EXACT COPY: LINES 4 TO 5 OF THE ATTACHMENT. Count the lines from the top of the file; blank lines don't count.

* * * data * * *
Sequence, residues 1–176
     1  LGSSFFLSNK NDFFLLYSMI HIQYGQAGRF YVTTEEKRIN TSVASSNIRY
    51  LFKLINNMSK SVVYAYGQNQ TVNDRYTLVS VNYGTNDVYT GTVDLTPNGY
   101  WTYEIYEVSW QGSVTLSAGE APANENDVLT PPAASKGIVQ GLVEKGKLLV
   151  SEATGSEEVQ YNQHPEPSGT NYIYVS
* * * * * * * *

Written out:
   101  WTYEIYEVSW QGSVTLSAGE APANENDVLT PPAASKGIVQ GLVEKGKLLV
   151  SEATGSEEVQ YNQHPEPSGT NYIYVS